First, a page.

Zoomable Image of Portrait of His Royal Highness, The Prince of Wales (b.1948), 1989

Portrait of His Royal Highness, The Prince of Wales (b.1948), 1989

Tom Wood (b.1955)

Portrait of His Royal Highness, The Prince of Wales (b.1948), 1989

Tom Wood (b.1955)

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Oil on panel


60 x 62 in (152 x 157 cm)


Agnew’s, London, 1989; Private collection, UK


M. Bailey, Observer Magazine, 3 September 1989; J. Collins and R. Gibson, H. R. H. the Prince of Wales: A Portrait Commission (Leeds, 1989); P. Fuller, ‘Putting the Prince in the Picture’, in Modern Painters, September 1989, vol. 2, issue 3, p.36; The Times, 28 November 1989, ill.


Dean Clough Gallery, Halifax, 1989; National Portrait Gallery, London, 1990-2002; Millennium Gallery, Sheffield, 2005

Two paintings came out of the Prince's commission; the first, smaller version, remains in his ownership, and the other is this more ambitious work, which has a greater emphasis on symbolic subject matter...

This portrait of Prince Charles, which was exhibited at the National Portrait Gallery in London for twelve years, can be considered one of the most successful royal portrait commissions of the twentieth century. It was highly praised by Sir Roy Strong, former Director of the National Portrait Gallery, who, after seeing this portrait in 1989, said ‘I think it is the best portrait I’ve ever seen of him’.[1]

Prince Charles first met the artist Tom Wood whilst visiting an exhibition of his work at the Dean Clough Art Gallery in Halifax in 1987, and shortly after requested a sitting with the artist. Two very different portraits were produced from the subsequent sittings; the first remains in the ownership of the Prince and the other, the present work, was produced simultaneously with his permission. This portrait is much larger and more ambitious than the other version, with a greater emphasis on symbolic subject matter.

The first sitting took place in October 1988 at the Prince’s country house, Highgrove in Gloucestershire, and after much discussion it was agreed that the portrait should be informal and show the private Prince, rather than in an official role. During the second visit to Highgrove in 1988, the Prince showed Tom Wood around the Walled Garden, sitting and posing for him under a pergola. This sowed a seed in the artist’s mind for the setting and arrangement of this portrait.

The 40 year-old prince, wearing a suit, is shown in his garden, immersed in nature and looking directly at the viewer. His lips are slightly parted, as if he is in conversation and is listening carefully to what is being said. The encounter is intimate, rather than formal and his expression is attentive, empathetic and concerned. The silhouette of a classical building, topped with urns and reminiscent of Highgrove, vaguely suggests a crown, and on either side of the Prince are two brooding ghost-like presences, each looking away. They are suggestive of the Prince at different ages, and are also Janus-like, looking into the past and the future. The enigmatic figures may be a reference to Sir Anthony Van Dyck’s triple-portrait of the Prince’s namesake, Charles I, which hangs in the Royal Collection. The side of the plinth is decorated with an antique relief of a lion’s head, and as with all of Wood’s symbols, it is open to interpretation. Perhaps here, it is an image of strength, of royalty and of England.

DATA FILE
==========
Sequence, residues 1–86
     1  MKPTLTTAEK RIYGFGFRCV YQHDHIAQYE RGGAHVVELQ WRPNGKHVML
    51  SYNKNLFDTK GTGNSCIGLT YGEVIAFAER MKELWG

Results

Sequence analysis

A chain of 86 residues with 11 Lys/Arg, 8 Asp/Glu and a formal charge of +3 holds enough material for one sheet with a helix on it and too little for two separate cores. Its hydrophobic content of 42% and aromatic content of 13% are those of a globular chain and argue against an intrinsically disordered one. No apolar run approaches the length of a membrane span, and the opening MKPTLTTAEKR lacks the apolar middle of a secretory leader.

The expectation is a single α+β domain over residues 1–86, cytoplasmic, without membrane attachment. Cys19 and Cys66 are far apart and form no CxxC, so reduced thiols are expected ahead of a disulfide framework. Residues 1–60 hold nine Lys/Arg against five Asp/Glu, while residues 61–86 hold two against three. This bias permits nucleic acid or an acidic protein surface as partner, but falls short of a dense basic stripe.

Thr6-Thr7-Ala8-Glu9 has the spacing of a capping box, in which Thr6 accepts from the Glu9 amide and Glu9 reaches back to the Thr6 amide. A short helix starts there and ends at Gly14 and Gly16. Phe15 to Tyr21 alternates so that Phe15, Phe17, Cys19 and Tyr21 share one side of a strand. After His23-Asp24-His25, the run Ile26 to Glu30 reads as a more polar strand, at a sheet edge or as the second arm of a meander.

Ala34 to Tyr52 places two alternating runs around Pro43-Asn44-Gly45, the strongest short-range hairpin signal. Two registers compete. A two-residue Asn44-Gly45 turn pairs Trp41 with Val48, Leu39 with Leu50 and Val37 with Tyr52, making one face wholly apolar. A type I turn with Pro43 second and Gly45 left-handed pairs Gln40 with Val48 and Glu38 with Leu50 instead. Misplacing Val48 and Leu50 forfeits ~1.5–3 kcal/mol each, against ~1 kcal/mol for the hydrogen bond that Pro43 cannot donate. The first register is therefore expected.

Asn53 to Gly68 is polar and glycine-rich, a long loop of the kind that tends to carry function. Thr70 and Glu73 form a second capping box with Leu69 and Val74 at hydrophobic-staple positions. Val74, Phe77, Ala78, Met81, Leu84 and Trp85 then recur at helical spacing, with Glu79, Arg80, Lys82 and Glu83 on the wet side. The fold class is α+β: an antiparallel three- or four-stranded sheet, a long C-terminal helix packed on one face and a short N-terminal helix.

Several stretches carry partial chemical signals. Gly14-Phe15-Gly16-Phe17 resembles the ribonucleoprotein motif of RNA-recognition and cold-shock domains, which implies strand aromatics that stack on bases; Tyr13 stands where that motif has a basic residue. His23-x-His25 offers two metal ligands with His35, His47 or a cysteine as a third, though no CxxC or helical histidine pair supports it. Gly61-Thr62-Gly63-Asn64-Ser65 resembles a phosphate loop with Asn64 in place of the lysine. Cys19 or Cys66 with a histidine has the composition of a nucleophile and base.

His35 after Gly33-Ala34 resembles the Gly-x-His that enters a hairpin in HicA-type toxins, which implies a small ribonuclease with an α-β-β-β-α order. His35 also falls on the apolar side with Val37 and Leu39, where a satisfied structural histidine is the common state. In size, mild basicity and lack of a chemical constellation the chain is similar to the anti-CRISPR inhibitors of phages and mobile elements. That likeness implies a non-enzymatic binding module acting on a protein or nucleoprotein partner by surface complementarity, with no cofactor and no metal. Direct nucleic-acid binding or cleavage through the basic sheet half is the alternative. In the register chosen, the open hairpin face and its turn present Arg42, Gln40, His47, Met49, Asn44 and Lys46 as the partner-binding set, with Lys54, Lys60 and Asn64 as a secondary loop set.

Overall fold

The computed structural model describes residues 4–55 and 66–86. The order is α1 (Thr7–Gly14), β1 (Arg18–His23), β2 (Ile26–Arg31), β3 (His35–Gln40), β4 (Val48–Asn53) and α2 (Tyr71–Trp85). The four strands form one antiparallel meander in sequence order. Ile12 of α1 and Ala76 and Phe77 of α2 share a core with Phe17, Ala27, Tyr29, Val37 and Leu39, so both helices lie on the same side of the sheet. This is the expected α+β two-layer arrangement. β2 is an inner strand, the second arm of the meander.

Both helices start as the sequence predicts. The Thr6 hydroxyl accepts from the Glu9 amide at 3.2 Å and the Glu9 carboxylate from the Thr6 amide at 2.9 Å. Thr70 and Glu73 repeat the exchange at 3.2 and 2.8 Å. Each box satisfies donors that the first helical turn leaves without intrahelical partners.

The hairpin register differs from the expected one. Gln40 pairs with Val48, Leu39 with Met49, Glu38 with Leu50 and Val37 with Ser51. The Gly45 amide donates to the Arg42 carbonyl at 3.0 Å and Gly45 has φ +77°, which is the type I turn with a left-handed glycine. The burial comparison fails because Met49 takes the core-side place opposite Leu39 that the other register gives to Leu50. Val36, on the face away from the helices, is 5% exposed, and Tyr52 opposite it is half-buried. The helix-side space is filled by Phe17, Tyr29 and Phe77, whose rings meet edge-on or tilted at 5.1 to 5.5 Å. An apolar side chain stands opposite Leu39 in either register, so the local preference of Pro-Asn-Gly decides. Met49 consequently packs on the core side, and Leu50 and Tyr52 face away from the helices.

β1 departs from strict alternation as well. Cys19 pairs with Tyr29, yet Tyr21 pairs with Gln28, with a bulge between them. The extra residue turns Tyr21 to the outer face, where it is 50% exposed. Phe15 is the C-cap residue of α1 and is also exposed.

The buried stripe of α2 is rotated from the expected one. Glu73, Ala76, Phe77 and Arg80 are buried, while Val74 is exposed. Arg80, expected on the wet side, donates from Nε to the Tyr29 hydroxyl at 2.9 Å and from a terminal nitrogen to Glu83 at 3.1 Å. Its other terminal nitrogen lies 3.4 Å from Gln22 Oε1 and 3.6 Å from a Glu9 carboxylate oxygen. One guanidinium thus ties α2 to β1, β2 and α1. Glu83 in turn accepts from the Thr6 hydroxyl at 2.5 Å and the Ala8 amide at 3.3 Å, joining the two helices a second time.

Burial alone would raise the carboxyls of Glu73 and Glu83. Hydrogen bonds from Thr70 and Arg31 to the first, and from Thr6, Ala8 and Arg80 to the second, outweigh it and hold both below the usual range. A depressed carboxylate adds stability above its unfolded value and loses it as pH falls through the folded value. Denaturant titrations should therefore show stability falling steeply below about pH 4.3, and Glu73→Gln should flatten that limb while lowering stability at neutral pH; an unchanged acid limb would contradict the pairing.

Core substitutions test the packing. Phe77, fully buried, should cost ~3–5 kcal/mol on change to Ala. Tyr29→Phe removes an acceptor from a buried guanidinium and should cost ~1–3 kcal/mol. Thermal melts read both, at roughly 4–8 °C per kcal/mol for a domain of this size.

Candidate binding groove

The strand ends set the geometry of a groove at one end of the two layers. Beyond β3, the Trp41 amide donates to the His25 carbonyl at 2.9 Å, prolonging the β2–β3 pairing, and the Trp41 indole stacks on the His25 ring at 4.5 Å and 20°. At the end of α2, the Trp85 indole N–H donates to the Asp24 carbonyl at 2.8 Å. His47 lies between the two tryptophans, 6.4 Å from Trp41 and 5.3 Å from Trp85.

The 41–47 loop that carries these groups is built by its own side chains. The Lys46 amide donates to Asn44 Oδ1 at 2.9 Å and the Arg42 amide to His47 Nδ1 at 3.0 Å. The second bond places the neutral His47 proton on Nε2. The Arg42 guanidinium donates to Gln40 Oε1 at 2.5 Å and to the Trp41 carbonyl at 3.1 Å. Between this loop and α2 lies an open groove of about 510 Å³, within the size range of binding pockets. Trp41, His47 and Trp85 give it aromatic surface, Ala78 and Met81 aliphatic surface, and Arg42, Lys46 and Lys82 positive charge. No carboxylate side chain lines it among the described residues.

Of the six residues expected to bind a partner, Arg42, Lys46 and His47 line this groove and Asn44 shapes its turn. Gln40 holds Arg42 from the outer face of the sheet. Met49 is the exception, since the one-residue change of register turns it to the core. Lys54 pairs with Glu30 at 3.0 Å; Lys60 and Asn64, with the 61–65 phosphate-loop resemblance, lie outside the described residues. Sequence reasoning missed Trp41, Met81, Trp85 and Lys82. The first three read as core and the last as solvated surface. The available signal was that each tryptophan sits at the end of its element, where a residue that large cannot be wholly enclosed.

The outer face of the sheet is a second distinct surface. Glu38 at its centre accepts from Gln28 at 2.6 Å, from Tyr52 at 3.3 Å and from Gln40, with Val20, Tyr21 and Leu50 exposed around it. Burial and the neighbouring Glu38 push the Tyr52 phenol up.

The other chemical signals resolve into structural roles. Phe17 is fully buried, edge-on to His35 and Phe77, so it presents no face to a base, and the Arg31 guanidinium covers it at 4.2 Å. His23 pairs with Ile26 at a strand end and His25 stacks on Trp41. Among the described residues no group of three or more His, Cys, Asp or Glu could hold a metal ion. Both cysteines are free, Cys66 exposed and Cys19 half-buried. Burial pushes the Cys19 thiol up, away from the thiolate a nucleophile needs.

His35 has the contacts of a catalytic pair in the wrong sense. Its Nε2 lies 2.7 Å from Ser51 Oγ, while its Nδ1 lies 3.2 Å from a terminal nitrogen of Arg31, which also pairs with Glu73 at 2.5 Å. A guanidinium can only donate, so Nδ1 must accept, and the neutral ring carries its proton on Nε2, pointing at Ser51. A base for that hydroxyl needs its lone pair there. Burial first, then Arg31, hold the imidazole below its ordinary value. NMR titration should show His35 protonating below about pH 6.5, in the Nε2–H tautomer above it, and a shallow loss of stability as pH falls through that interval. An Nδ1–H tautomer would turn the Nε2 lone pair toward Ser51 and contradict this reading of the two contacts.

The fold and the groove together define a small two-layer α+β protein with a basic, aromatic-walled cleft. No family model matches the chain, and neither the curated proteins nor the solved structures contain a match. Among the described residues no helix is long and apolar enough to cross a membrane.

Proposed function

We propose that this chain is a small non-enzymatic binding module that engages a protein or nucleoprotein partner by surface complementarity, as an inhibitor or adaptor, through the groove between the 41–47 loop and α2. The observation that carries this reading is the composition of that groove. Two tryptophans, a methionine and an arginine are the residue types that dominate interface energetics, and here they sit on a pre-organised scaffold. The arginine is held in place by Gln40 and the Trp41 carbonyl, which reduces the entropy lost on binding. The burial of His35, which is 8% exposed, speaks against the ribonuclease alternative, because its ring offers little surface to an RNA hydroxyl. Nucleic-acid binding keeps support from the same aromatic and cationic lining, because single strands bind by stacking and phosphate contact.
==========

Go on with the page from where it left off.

In late 1989, Prince Charles returned to Halifax to view a special exhibition, HRH The Prince of Wales: A Portrait Commission, which included both portraits with related sketches. The exhibition then toured to Agnew’s in Old Bond Street, London where it was seen privately by Diana, Princess of Wales. During the Agnew’s exhibition, this portrait was sold to a private collector and the National Portrait Gallery immediately requested it to be loaned. The portrait was displayed on the Royal Landing alongside Pietro Annigoni’s portrait of The Queen throughout the 1990s until the owner requested its return in 2012. Prince Charles agreed to loan his version of the portrait to Dean Clough Gallery, where it remains on display in the art gallery.

[1] M. Bailey, ‘Prince Charles: Controversial New Portrait’ in Observer Magazine, 3 September 1989

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